Thursday, December 19, 2019

Exposing a port from running docker container

Following steps were done on Windows Docker Quick Start installation.

Run a network service in a new port (which was not exposed during starting of the docker container)
docker exec -it container_name /bin/bash
nohup python -m http.server 8000 &

Expose the port using iptables in the docker host.

docker-machine ssh

sudo iptables -t nat -A  DOCKER -p tcp --dport 8001 -j DNAT --to-destination $(docker inspect -f '{{ .NetworkSettings.IPAddress }}' container_name):8000


Test the connection to the newly exposed port from your local machine.
(I used because I was testing this on Docker Quick Start installation on Windows machine)

curl -s

Friday, November 8, 2019

Making files immutable by Linux 'chattr' command

After all those years working in Linux env and studying on application hardening, I don't know how did I miss "chattr" command.

chattr - change file attributes on a Linux file system

Specially the attribute "i" is interesting for me, as it allows you to make a file immutable.

"A file with the 'i' attribute cannot be modified: it cannot be deleted or renamed,  no  link  can  be created  to  this  file and no data can be written to the file.  Only the superuser or a process possessing the CAP_LINUX_IMMUTABLE capability can set or clear this attribute."

From man page of chattr, other attributes you can change are,
 -    append  only  (a),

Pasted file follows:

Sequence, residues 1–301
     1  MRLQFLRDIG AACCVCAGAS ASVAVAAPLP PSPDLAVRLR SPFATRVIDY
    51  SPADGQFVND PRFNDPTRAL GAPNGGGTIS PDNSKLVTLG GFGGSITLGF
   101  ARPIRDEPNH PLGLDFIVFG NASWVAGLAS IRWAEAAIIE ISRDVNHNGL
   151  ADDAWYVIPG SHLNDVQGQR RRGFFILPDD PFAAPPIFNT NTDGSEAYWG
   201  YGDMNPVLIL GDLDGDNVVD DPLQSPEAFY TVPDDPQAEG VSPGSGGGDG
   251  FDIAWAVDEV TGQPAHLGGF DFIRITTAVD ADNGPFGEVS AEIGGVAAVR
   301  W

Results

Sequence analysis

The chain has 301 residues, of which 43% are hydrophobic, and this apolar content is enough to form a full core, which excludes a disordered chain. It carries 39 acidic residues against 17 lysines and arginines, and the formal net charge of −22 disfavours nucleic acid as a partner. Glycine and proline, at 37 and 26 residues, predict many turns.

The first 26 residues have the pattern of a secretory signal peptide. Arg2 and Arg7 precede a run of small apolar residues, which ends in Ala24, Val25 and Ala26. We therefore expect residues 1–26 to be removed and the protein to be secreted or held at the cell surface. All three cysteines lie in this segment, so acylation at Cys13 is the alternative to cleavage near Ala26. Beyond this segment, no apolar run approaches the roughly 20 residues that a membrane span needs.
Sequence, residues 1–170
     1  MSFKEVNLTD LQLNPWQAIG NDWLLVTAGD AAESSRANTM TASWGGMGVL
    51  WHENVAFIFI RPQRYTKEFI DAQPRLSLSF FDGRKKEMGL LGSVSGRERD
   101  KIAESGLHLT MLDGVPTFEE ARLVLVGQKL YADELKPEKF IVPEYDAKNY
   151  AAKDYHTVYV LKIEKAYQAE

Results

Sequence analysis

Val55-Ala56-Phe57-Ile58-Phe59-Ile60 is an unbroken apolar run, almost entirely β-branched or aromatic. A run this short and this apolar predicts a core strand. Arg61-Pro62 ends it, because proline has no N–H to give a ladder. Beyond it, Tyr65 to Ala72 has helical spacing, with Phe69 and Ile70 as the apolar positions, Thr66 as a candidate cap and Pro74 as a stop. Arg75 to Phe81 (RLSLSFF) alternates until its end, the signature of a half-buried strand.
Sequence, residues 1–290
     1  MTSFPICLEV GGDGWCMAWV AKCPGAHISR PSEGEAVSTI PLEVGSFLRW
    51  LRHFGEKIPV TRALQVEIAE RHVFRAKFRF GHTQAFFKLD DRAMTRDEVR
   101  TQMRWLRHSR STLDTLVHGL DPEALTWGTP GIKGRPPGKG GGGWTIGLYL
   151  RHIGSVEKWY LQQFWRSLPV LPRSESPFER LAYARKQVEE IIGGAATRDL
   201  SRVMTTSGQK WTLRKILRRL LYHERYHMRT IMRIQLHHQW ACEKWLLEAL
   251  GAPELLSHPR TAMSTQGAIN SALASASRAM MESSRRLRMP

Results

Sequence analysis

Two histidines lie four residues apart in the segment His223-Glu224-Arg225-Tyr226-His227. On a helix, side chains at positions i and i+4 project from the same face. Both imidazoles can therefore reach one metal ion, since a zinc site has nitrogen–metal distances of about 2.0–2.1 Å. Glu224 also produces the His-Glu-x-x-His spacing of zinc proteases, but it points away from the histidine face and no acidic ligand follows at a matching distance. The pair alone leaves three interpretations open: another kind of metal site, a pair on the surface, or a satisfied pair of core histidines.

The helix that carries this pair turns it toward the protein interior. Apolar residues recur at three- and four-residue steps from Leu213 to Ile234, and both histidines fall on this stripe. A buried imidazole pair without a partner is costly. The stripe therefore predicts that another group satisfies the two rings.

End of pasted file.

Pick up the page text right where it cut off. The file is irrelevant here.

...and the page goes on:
-    no  atime updates  (A),
 -    compressed  (c),
 -    no copy on write (C),
 -    no dump (d),
 -    synchronous directory updates (D),
 -    extent format (e),
 -    immutable (i),
 -    data journalling (j),
 -    secure deletion (s),
 -    synchronous updates (S),
 -    no tail-merging (t),
 -    top of directory hierarchy (T), and
 -    undeletable (u).

Following article explains many interesting usage of this command (including disabling user creation by making /etc/passwd file immutable)

You can use lsattr command to see the attributes of the files/folders.

Monday, November 4, 2019

Threat Agents: Insider Threats: Motivations

Insider threat actors can be motivated by different factors. I try to summarize possible motivations in the following table, and it is not a complete list.

Also the attackers can gain access to a workstation of an employee through mechanism like phishing, and if there are controls to prevent insider threats, the damage that could be done by this attacker can be minimized.

Threat Agent
motivated by
Possible Motivations
Patriotism, Blackmail, Financial gain, Legal gain, Psychological manipulation
InsiderCriminal Organization
Blackmail, Financial gain, Psychological manipulation
InsiderCriminal Organization - Criminal Community
Blackmail, Financial gain, reputation on sharing with community
InsiderCriminal Organization - Hacktivist groups
supporting a ideological cause, reputation on sharing with community, guilt/remorse